Bleacher Report's 2016-17 College Basketball Awards

C.J. Moore@@CJMooreBRCollege Basketball National Lead WriterMarch 6, 2017

Bleacher Report's 2016-17 College Basketball Awards

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    It’s award season, and it’s time to remind everyone what we seem to forget in the preseason.

    Upperclassmen usually are the best players in this sport.

    Sure, freshmen have had a larger impact in the one-and-done era, but when it comes to end-of-season awards, the upperclassmen still dominate.

    Only twice have freshmen won the Naismith Award, and a senior has won the last three. That streak should move to four soon with Villanova’s Josh Hart and Kansas’ Frank Mason III as the two favorites.

    No one would have expected Mason to begin the year.

    The preseason rankings featured Duke and Kentucky at the top. To the credit of college basketball experts, Duke’s Grayson Allen, a junior, was the popular pick for preseason National Player of the Year. So we at least favored an older guy. But the killer freshmen classes at Duke and UK are a big reason why those two programs topped the polls.

    While UK’s freshman backcourt lived up to the hype and UCLA freshman Lonzo Ball transformed the Bruins, most of the teams at the top of the polls now are led by upperclassmen.

    And the Bleacher Report award winners, especially the pick for National Player of the Year, should serve as reminders that the best players in college hoops don’t always have five stars next to their name when they arrive on campus.

National Player of the Year: Frank Mason III, Kansas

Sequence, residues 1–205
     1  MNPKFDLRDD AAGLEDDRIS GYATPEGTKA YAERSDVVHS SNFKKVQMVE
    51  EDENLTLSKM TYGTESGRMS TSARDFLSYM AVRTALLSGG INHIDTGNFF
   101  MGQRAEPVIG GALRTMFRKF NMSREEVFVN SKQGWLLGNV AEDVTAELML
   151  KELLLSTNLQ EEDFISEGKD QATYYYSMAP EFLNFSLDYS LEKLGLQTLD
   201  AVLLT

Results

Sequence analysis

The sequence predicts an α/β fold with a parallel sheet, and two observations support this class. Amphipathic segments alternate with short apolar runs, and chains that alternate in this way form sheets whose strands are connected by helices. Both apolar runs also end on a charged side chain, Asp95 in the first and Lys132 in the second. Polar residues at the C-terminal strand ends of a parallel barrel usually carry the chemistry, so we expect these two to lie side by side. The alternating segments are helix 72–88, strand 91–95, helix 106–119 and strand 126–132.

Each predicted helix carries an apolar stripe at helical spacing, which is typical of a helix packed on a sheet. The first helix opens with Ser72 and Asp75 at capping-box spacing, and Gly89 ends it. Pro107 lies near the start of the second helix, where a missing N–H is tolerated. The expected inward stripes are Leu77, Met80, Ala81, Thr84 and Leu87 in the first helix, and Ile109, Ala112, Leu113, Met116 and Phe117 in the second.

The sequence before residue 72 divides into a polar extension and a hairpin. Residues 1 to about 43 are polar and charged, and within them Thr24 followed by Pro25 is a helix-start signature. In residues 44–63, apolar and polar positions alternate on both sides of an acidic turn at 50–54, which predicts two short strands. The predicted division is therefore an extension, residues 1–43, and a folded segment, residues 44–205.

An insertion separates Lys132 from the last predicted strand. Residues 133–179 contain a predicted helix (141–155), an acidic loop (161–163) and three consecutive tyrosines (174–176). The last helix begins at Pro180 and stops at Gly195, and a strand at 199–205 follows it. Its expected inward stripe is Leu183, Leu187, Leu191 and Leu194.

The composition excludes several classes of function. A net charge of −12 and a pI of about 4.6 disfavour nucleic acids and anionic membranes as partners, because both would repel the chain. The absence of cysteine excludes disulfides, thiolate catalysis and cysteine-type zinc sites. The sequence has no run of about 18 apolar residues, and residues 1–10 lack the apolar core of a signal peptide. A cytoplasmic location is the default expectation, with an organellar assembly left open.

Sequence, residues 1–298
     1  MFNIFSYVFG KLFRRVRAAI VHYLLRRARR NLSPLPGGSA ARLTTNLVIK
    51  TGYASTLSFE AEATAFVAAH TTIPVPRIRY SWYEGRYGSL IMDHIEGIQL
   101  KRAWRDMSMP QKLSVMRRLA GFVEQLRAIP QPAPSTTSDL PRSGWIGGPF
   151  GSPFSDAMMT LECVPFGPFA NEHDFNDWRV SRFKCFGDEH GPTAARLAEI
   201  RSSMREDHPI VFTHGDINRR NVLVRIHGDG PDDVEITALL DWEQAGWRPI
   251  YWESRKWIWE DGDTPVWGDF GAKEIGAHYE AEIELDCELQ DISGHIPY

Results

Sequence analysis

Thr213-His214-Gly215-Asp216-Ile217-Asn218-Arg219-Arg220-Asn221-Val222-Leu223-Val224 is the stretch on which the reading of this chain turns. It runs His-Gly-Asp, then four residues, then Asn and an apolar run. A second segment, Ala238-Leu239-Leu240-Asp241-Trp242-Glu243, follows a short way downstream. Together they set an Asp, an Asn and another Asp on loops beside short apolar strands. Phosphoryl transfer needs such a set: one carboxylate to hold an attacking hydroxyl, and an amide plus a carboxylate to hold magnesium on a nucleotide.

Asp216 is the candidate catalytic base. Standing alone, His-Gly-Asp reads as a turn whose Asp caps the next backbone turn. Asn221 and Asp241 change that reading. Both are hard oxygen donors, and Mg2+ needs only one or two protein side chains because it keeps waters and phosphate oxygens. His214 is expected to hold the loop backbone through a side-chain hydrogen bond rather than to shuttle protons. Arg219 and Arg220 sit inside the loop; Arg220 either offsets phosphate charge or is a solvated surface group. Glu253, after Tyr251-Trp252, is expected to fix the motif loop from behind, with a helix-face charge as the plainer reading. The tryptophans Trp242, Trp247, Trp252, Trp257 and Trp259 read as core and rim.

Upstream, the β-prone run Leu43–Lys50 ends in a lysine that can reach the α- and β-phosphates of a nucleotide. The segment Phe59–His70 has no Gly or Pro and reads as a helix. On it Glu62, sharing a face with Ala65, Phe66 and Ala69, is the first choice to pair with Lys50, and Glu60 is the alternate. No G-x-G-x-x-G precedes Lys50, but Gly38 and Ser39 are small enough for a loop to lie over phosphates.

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    Frank Mason III is currently averaging 20.5 points per game and knocking down 49.3 percent of his three-pointers. He’s spent most of the year above 50 percent and shot exactly that in Big 12 play.

    A Sports Reference search from the 1992-93 season to last year turned up this result for the number of guys who have averaged over 20 points and shot 50 percent or better from deep with at least 50 made threes.

    (In case you didn’t click on that link, there are only two players on that list.)

    The last time a NPOY candidate pulled off what Mason is threatening to do was Duke’s Christian Laettner in 1991-92. The Blue Devil great averaged 21.5 points and shot 55.7 percent from distance his senior season. Laettner swept the National Player of the Year awards. Mason should too.

    Mason has a story as remarkable as his senior season. You may have heard he originally signed to play at Towson. It’s a line used endlessly on broadcasts, but that’s because it is pretty incredible that the best player on the No. 1 team in the country was supposed to go to Towson. He was also the least-heralded recruit in a six-man KU class that included Andrew Wiggins, Joel Embiid and Wayne Selden. Mason will be the one with his jersey hanging from the rafters.

    Mason is also the point guard on the most efficient offense Bill Self has coached at Kansas. And in his best scoring season ever, he also is averaging a career-best 5.1 assists.

    The numbers are awesome, but what truly makes Mason the pick here is how clutch he’s been. He started the year with a buzzer-beater to take down Duke in the second game of the season. Kansas has also made a habit of playing from behind, and when the outlook looks bleak, Mason calmly rips the opponent's heart out.

    In a two-game stretch a couple weeks ago, KU trailed by 14 with 2:43 left in regulation against West Virginia and then by 12 with 41 seconds left in the first half against Baylor. But in the 28:24 that followed in those combined games, Mason had 34 points, five assists, missed just three shots and was perfect at the free-throw line. KU won both games.

    He has the moments. He has the numbers. He has the wins. He made this pick easy. Frank Mason III is the Bleacher Report National Player of the Year.

Coach of the Year: Sean Miller, Arizona

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    In the preseason, Arizona lost wing Ray Smith, a five-star recruit who tore his ACL for a second time and decided to retire, and coach Sean Miller also found out leading returning scorer Allonzo Trier would be out for an unknown amount of time because he mistakenly used a banned performance-enhancing substance.